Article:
The Fungal Product Terreic Acid Is a Covalent Inhibitor of the Bacterial Cell Wall Biosynthetic Enzyme UDP-<i>N</i>-Acetylglucosamine 1-Carboxyvinyltransferase (MurA),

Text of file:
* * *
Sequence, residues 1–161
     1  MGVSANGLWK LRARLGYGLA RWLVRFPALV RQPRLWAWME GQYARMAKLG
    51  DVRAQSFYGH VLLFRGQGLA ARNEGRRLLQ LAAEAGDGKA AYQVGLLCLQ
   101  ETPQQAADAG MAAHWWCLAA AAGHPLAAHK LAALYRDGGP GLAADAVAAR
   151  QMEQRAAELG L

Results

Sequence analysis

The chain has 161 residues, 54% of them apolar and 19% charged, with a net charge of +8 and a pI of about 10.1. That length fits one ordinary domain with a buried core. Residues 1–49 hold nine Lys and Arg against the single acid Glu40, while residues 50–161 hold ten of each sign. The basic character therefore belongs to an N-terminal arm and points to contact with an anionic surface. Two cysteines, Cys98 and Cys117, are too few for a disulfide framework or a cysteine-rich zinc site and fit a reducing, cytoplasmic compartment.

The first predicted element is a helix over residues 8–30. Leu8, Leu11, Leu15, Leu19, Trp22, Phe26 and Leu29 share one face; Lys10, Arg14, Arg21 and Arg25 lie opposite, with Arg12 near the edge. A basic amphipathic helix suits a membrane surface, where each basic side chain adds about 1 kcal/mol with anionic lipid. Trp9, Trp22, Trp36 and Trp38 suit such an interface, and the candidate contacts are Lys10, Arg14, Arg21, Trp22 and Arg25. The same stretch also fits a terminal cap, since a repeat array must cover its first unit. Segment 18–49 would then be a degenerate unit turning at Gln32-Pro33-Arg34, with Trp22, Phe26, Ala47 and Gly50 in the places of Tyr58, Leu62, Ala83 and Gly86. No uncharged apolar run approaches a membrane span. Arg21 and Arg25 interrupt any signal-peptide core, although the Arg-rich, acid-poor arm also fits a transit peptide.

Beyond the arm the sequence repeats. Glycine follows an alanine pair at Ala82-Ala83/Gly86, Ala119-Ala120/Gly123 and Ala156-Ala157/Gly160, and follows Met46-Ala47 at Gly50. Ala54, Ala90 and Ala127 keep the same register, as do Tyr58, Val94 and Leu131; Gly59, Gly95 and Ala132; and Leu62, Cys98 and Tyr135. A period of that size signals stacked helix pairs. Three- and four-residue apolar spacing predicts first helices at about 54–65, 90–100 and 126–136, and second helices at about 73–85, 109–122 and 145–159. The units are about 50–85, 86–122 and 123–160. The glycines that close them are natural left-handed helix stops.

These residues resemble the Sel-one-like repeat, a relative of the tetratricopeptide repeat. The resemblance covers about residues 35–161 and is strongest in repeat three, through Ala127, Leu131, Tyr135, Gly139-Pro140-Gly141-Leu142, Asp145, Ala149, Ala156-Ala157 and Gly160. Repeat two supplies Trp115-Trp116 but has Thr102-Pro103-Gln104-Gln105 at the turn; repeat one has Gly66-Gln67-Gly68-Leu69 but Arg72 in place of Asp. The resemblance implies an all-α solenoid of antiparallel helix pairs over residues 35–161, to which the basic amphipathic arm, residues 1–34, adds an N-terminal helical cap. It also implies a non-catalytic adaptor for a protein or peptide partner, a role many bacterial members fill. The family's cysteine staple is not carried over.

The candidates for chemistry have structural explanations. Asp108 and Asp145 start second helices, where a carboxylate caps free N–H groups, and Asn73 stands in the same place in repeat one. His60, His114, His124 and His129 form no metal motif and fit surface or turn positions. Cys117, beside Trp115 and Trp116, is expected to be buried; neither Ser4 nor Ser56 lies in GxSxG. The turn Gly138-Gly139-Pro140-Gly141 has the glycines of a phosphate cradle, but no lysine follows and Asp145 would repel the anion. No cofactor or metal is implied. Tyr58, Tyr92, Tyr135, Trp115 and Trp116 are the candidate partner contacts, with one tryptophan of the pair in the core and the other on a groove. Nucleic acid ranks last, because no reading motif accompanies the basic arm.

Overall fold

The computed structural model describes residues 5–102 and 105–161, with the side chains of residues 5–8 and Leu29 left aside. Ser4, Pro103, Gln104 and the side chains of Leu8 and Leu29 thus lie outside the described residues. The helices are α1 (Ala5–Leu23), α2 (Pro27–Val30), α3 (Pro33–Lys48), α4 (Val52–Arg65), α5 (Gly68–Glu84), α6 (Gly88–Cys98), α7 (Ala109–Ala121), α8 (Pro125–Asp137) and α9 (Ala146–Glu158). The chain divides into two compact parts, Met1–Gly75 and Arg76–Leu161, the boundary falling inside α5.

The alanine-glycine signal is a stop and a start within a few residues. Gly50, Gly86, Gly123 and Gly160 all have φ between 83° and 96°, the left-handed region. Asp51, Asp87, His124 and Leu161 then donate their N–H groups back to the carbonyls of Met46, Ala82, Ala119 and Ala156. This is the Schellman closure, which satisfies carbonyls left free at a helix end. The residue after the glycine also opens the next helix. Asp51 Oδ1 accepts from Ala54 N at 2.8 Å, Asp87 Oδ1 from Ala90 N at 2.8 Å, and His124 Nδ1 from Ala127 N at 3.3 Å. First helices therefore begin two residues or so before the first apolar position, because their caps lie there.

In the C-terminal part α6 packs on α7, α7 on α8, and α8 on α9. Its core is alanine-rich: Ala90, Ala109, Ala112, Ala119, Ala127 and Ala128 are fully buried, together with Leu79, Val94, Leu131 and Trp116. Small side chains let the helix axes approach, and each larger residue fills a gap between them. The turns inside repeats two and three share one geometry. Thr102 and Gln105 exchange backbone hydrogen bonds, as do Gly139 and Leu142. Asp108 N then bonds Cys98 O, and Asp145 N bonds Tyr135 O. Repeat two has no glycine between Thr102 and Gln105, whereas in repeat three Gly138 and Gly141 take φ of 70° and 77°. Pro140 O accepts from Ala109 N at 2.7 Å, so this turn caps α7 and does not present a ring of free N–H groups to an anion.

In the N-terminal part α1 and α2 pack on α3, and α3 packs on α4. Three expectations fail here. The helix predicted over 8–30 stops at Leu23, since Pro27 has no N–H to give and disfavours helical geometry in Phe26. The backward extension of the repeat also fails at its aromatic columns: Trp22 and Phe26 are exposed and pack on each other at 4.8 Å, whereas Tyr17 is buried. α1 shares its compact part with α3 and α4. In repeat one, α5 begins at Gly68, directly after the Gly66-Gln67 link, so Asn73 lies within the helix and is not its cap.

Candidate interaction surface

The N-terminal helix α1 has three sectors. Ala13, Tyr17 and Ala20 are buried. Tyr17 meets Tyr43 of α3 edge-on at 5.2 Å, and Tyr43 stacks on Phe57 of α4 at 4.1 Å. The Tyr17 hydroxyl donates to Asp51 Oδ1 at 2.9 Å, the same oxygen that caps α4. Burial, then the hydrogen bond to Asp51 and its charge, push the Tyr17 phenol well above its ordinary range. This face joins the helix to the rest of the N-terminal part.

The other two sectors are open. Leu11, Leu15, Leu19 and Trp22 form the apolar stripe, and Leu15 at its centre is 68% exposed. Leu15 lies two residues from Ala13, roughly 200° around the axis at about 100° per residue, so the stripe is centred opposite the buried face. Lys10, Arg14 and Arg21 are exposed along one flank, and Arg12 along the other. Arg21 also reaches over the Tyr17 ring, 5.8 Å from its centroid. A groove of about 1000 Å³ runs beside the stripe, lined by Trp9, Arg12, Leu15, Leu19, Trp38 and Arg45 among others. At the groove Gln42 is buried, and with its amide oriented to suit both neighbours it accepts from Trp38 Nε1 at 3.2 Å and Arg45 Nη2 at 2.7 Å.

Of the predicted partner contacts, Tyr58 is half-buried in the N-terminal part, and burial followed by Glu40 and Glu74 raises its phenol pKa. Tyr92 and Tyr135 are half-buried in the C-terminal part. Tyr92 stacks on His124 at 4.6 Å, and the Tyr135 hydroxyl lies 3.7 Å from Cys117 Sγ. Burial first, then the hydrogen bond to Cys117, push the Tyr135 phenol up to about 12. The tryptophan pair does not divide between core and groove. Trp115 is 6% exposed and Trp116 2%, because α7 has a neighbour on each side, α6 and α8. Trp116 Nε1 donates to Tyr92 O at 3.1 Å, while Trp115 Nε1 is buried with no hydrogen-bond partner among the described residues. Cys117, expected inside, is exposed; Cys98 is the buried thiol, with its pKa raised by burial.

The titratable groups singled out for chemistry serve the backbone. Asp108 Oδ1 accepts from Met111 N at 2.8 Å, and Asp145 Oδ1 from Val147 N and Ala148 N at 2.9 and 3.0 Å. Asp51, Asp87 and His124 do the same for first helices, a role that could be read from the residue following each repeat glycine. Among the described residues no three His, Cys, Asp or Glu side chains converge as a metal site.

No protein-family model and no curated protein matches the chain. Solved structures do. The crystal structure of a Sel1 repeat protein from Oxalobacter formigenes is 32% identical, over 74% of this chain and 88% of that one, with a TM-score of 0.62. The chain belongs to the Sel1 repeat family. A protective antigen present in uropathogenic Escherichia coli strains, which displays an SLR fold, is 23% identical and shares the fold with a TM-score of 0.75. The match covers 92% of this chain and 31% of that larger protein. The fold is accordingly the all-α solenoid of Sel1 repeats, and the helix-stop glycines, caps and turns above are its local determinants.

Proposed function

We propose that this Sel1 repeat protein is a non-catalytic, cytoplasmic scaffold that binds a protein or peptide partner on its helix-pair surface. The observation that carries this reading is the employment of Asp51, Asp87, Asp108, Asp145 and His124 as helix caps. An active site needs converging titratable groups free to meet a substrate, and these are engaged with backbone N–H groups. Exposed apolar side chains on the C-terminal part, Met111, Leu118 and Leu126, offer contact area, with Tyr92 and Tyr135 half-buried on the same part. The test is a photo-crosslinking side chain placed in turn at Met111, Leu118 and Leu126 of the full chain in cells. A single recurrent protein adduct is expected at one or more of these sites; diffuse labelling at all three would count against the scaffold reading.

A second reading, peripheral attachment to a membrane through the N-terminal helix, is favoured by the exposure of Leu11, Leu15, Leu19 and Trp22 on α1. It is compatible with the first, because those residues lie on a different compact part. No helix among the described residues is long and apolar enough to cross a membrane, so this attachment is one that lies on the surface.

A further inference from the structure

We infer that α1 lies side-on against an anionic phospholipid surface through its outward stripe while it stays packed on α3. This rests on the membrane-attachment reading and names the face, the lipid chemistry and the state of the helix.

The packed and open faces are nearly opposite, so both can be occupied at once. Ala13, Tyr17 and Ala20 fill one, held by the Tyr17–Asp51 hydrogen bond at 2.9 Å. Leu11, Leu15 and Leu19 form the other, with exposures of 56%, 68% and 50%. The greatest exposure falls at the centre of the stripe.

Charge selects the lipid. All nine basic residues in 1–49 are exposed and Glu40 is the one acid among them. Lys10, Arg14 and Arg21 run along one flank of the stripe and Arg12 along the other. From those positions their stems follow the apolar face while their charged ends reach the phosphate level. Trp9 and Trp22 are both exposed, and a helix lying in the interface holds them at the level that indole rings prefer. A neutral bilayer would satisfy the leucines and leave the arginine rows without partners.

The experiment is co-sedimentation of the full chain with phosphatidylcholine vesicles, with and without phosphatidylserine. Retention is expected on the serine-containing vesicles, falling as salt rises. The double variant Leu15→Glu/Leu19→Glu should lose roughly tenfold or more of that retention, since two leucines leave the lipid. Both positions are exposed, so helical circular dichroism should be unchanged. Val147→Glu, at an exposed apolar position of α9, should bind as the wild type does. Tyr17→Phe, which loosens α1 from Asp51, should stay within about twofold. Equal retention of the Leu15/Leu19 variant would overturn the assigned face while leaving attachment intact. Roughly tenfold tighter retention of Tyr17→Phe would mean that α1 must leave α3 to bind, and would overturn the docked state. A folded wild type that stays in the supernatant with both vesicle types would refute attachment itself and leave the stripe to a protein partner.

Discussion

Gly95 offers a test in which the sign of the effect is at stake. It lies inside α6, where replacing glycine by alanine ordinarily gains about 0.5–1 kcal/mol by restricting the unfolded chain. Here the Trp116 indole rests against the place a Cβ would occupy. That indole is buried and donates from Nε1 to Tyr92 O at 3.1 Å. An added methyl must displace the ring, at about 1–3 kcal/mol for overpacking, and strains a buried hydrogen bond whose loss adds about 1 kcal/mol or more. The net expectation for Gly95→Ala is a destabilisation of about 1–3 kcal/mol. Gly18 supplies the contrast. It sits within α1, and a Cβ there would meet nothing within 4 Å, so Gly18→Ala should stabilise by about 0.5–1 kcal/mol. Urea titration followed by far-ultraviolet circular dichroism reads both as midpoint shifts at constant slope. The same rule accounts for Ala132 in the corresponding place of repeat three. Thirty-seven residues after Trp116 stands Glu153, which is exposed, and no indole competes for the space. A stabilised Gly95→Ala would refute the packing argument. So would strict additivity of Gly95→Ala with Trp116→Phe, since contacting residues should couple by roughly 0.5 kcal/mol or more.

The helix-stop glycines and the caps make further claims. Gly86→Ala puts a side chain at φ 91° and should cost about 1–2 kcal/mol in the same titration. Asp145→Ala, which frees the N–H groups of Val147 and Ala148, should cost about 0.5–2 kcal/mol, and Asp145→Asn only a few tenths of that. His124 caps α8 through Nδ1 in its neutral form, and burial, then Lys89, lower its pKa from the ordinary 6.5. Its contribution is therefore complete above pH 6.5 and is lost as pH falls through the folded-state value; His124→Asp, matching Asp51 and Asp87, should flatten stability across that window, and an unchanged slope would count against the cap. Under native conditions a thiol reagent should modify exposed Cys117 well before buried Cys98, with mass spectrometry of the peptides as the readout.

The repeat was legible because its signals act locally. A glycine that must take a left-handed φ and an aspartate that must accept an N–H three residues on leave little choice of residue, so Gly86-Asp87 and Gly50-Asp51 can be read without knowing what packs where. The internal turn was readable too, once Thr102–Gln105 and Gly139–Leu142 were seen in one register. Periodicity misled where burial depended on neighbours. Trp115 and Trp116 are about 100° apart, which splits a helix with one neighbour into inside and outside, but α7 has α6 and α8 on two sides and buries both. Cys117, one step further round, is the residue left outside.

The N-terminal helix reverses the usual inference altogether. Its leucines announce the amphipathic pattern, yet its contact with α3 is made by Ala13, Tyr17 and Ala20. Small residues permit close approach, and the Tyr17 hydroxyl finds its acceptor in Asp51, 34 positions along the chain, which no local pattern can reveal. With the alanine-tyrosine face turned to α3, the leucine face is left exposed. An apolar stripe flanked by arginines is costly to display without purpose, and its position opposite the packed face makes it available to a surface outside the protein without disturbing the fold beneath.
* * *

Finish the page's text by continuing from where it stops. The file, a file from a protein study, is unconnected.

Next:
Terreic acid is a metabolite with antibiotic properties produced by the fungus <i>Aspergillus terreus</i>. We found that terreic acid is a covalent inhibitor of the bacterial cell wall biosynthetic enzyme MurA from <i>Enterobacter cloacae</i> and <i>Escherichia coli</i> in vitro. The crystal structure of the MurA dead-end complex with terreic acid revealed that the quinine ring is covalently attached to the thiol group of Cys115, the molecular target of the antibiotic fosfomycin. Kinetic characterization established that the inactivation requires the presence of substrate UNAG (UDP-<i>N</i>-acetylglucosamine), proceeding with an inactivation rate constant <i>k</i><sub>inact</sub> of 130 M<sup>−1</sup> s<sup>−1</sup>. Although the mechanisms of inactivation are similar, fosfomycin is approximately 50 times more potent than terreic acid, and the structural consequences of covalent modification by these two inhibitors are fundamentally different. The MurA−fosfomycin complex exists in the closed enzyme conformation, with the Cys115−fosfomycin adduct buried in the active site. In contrast, the dead-end complex with terreic acid is open, is free of UNAG, and has the Cys115−terreic acid adduct solvent-exposed. It appears that terreic acid reacts with Cys115 in the closed, binary state of the enzyme, but that the resulting Cys115−terreic acid adduct imposes steric clashes in the active site. As a consequence, the loop containing Cys115 rearranges, the enzyme opens, and UNAG is released. The differential kinetic and structural characteristics of MurA inactivation by terreic acid and fosfomycin reflect the importance of noncovalent binding potential, even for covalent inhibitors, in ensuring inactivation efficiency and specificity.